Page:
It will still take a movement

The Sanders agenda still saw mass support on Super Tuesday, but as the vote totals revealed, the left-wing candidate may not be able to win the nomination on the issues alone. If he is to advance against Biden in what is now an uphill fight, he will also have to convince those who haven’t yet cast their ballot that he is the one to beat Trump.

The whole dynamics of this nomination contest changed in just three days. They could change again, but Sanders and the movement around him have work to do. Biden’s campaign—with almost no organization on the ground in many states, less money, and no “movement” around it to speak of—managed to score nearly a million more votes than Sanders. With the next primaries only a week away, the Sanders camp faces a widening delegate gap if changes are not made.

That sobering reality should force a re-think. In short, the movement, the coalition, has to be expanded. Railing against the Democratic Party establishment and pointing out the injustices of contemporary U.S. capitalism have gotten the Sanders movement this far, but it will take more than that. Serious thought has to be given to how to expand the base to include more African-American voters, more voters over the age of 30, more voters outside educated urban areas, more working-class voters in the industrial heartland, and more self-identified Democrats.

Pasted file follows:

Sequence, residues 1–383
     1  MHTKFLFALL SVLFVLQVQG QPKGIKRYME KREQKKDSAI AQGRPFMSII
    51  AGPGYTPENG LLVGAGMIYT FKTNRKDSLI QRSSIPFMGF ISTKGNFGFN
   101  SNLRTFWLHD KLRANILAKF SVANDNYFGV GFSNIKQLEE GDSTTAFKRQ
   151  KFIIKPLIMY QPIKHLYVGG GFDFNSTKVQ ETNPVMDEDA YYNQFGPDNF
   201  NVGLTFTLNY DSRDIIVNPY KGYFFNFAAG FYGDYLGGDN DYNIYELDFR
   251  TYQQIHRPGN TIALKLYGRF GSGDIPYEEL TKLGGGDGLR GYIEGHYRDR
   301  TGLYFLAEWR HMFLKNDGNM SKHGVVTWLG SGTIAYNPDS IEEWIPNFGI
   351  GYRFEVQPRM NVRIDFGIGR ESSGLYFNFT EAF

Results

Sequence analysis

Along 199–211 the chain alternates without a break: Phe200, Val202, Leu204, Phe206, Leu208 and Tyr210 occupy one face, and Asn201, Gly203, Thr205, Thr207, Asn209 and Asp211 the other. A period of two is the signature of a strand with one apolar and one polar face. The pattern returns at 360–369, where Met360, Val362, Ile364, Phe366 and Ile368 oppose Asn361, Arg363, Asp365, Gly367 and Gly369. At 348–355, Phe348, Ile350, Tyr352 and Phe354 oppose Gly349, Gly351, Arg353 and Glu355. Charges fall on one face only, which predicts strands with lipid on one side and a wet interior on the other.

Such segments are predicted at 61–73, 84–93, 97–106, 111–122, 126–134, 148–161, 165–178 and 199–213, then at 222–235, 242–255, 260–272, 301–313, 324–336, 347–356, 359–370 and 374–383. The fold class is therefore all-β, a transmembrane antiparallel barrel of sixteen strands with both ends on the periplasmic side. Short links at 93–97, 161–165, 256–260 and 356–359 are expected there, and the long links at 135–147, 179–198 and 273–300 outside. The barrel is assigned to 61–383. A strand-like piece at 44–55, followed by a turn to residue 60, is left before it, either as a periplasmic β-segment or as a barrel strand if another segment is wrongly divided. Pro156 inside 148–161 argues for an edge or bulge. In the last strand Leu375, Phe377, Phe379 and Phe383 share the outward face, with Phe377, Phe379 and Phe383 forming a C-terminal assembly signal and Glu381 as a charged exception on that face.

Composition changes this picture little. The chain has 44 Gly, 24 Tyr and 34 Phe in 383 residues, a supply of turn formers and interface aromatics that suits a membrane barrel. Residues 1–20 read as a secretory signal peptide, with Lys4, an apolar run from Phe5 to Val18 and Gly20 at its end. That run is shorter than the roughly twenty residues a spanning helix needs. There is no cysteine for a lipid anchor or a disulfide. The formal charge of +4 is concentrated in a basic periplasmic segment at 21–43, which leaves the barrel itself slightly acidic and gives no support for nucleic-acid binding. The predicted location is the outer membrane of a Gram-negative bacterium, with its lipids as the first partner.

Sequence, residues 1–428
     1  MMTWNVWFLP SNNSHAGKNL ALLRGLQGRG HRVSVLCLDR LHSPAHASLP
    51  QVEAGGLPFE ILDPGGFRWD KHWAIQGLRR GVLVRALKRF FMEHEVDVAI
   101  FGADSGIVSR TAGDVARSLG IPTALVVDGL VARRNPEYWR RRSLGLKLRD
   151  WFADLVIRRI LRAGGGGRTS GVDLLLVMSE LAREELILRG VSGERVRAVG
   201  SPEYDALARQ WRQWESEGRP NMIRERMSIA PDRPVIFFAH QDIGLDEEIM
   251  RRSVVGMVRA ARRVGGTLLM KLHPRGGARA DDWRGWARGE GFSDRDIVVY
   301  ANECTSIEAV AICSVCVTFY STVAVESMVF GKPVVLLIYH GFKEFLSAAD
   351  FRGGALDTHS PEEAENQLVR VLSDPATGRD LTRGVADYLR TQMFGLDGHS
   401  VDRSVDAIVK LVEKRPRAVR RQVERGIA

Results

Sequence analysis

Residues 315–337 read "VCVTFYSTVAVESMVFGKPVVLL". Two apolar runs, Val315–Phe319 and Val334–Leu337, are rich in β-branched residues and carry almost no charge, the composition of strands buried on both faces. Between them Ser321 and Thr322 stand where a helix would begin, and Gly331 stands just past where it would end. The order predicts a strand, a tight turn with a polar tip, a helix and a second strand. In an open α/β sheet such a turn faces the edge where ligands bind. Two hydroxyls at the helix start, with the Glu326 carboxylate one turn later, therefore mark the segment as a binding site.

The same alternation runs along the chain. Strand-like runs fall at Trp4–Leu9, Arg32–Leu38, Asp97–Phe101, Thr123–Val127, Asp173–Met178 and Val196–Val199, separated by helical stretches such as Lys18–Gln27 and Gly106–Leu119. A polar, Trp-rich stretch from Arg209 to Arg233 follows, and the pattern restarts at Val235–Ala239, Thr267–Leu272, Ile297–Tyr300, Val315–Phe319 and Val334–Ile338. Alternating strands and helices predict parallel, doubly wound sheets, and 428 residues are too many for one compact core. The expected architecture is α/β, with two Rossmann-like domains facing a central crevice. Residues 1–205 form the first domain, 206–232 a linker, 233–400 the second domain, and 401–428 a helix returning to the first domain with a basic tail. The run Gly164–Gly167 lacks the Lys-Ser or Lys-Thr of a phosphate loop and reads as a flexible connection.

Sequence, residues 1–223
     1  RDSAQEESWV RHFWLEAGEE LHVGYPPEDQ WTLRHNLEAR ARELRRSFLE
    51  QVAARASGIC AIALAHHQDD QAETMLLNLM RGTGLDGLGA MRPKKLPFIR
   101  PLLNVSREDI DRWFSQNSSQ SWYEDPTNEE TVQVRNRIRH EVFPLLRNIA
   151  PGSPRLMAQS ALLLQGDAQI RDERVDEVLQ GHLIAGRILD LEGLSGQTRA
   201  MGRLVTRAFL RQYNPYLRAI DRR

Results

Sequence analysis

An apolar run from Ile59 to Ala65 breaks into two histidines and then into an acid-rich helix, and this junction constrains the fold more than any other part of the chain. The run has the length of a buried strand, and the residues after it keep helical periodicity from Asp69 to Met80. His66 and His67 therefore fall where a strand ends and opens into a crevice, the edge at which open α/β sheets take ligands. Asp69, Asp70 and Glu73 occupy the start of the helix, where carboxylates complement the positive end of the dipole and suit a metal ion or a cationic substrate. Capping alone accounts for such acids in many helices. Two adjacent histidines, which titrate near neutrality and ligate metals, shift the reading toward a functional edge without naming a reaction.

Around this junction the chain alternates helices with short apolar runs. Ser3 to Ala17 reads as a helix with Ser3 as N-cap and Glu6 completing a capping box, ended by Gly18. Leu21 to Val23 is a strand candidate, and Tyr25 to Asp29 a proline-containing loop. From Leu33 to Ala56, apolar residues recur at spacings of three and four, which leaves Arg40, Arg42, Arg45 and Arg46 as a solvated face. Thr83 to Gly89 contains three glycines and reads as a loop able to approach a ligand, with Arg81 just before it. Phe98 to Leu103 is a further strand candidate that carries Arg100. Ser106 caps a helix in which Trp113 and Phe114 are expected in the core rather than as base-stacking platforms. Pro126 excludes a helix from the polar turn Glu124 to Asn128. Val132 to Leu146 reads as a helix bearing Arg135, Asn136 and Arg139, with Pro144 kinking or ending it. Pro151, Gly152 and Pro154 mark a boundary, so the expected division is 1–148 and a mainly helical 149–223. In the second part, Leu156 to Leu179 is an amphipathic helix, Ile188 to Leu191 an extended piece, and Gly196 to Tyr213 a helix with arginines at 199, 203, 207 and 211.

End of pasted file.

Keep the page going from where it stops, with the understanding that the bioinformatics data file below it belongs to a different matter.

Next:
Mobilizing all those groups is a challenge not just for Sanders in the immediate future, but for whoever eventually gets the nomination later this summer. Trump and all the outfits grouped around his re-election effort have already put together a campaign war chest surpassing $250 million. They have an entire right-wing media ecosystem at their disposal. And they control the state legislatures and election boards which have made voter suppression a key part of GOP strategy.

To defeat the Trump machine, it’s still going to take a movement.


C.J. Atkins
C.J. Atkins

C.J. Atkins is the managing editor at People's World. He holds a Ph.D. in political science from York University in Toronto and has a research and teaching background in political economy and the politics and ideas of the American left. In addition to his work at People's World, C.J. currently serves as the Deputy Executive Director of ProudPolitics.